I want so much to know whether Jung Yun has a second book in process. And if so, when I will be able to get hold of it.
It is not often that I am stunned and bewitched by a novel, particularly a debut novel. All too often I understand the characters too early, push through a sagging middle section only to arrive at a fall-flat ending. Rarely do I find a theme so engaging, a plot which moves without losing rhythm, characters three dimensional enough to be authentic and vivid, but with that tinge of mystery that makes them unintelligible, human, complex and unpredictable to the very last page.
Shelter is the story of a man who cannot respond to love, even the love of his child. It is the story of a family, an immigrant family, or perhaps I should say of a kinship of three families connected by bonds of disdain. Economic disparities, generational conflict and cultural collisions have brought them here. Only trauma can force them to unwilling engagement, tearing the veil of duty to expose secrets, hatred and even tenderness.
Kyung Cho, the protagonist, is a first generation Korean American and professor of biology. His wife Gillian comes from a family of Irish American policemen. Their son Ethan is four years old.
The couple is financially ruined. We meet them as they await a realtor, whom Gillian hopes may provide some hope, some solution. Their house was more than they could afford when they bought it, and is now underwater due to the 2008 recession. Their credit cards are all maxed out. Kyung “was raised to believe that owning a home meant something. Losing a home like this—that would mean something too.” Immobilized before the broken garbage disposal he lacks both skill and will to fix, Kyung is dismally aware that “nothing in his house works anymore. . .”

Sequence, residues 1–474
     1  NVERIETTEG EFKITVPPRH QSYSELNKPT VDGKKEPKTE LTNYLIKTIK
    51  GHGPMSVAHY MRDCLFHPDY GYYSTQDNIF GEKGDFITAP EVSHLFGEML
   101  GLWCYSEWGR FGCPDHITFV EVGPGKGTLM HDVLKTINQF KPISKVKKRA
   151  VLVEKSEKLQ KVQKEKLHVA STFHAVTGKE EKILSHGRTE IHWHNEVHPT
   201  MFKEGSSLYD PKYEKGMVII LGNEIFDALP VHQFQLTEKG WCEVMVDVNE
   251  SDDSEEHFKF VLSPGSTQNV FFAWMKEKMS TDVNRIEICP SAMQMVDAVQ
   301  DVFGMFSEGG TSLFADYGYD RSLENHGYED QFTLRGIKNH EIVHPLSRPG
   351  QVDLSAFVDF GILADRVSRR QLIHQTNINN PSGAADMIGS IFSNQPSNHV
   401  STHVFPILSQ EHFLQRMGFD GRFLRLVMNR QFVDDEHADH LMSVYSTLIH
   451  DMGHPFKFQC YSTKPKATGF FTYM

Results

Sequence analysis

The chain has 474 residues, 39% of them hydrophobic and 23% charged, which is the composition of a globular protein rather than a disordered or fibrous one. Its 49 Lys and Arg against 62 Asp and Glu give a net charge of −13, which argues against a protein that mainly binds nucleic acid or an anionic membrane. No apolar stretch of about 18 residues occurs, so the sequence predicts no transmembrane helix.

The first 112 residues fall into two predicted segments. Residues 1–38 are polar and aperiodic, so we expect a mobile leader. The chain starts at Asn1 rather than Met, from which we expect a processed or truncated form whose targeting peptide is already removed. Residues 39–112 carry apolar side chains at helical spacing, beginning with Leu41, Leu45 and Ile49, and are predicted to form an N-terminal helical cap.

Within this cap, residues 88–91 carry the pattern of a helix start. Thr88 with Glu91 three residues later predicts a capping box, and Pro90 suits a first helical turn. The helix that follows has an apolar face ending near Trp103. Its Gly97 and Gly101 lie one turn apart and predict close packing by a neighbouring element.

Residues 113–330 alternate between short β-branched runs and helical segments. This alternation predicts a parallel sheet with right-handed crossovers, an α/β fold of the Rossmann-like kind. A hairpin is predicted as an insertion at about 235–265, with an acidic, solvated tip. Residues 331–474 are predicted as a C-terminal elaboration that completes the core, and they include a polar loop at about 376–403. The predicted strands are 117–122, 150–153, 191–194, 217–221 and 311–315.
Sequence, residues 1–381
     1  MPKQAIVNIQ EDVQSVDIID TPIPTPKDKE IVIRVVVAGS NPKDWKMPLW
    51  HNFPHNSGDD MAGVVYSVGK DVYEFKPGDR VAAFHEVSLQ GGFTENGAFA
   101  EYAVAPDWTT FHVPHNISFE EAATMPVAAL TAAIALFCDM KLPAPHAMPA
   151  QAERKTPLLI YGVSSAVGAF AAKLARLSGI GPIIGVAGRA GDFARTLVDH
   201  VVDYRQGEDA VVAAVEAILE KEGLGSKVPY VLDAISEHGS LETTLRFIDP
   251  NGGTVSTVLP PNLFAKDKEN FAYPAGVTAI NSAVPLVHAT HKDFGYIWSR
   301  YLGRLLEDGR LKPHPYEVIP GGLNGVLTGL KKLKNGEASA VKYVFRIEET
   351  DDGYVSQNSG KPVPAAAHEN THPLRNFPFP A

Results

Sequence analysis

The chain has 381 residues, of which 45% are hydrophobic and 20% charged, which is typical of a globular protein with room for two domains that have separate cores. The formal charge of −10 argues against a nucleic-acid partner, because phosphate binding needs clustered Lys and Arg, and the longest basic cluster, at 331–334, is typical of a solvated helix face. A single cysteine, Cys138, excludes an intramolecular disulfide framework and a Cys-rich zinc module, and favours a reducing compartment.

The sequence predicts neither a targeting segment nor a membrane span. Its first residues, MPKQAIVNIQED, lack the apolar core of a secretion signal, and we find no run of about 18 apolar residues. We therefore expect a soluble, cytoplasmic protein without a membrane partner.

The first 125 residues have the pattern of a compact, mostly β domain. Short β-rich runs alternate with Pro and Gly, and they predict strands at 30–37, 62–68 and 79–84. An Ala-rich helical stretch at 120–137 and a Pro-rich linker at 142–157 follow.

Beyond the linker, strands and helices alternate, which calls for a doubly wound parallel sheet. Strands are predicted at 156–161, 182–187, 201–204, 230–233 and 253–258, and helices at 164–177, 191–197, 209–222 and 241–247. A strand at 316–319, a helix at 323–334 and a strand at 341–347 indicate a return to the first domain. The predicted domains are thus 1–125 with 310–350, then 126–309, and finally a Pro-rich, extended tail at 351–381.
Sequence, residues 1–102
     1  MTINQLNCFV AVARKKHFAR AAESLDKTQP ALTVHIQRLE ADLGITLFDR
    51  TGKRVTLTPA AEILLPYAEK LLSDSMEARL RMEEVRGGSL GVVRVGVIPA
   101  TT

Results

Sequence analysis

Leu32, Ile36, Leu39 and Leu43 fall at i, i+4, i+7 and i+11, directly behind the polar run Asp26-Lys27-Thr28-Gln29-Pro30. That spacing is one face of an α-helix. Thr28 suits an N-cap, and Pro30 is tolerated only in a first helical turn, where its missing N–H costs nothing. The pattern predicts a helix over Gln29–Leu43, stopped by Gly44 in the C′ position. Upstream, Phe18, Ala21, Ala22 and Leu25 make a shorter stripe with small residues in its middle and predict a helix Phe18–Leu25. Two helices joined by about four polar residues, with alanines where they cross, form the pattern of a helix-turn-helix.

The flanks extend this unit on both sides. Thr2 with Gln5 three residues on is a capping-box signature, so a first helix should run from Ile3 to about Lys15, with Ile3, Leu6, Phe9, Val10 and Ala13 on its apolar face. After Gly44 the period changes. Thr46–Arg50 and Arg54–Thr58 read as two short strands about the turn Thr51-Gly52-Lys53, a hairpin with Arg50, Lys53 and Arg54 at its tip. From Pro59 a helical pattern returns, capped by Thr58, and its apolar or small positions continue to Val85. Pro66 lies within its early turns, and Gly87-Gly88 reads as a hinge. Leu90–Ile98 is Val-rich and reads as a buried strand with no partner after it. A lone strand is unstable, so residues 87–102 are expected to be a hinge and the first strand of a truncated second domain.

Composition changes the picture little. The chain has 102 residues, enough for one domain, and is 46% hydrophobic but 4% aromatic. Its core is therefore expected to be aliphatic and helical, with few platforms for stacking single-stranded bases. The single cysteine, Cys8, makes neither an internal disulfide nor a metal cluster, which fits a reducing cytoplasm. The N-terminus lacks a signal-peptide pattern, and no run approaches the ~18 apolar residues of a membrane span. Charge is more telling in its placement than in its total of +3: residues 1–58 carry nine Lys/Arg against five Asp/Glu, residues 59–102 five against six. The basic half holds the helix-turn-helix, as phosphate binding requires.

Kyung’s own parents are quite different. His father is also an academic, a professor of engineering, but culturally, financially and temperamentally they are from another world. Jin and Mae Cho live high up the hill in the most exclusive section of a very wealthy neighborhood. Their home was built in the 19th century and has been restored and decorated to museum perfection. Their clothes are always well cut, stylish and immaculate, matching their manners which are unfailingly impeccable and in keeping with formal and ritualistic Korean tradition.
Kyung and Gillian visit his parents only when absolutely necessary. On these occasions, Kyung carefully instructs his wife as to when and how to bow, where to cast her eyes, what to say and not say. She does her best to behave perfectly so that Kyung may not be shamed.
Gillian’s own family is so different. Both her father Connie and her brother Tim are policemen. They live in the same community, but in a rather downtrodden working class part of town. Kyung is embarrassed by his in-laws “crude” ways. He keeps his distance and has never met Connie’s girlfriend. His in-laws were not happy when Gillian brought an Asian man home for them to meet. They are not happy with Kyung now.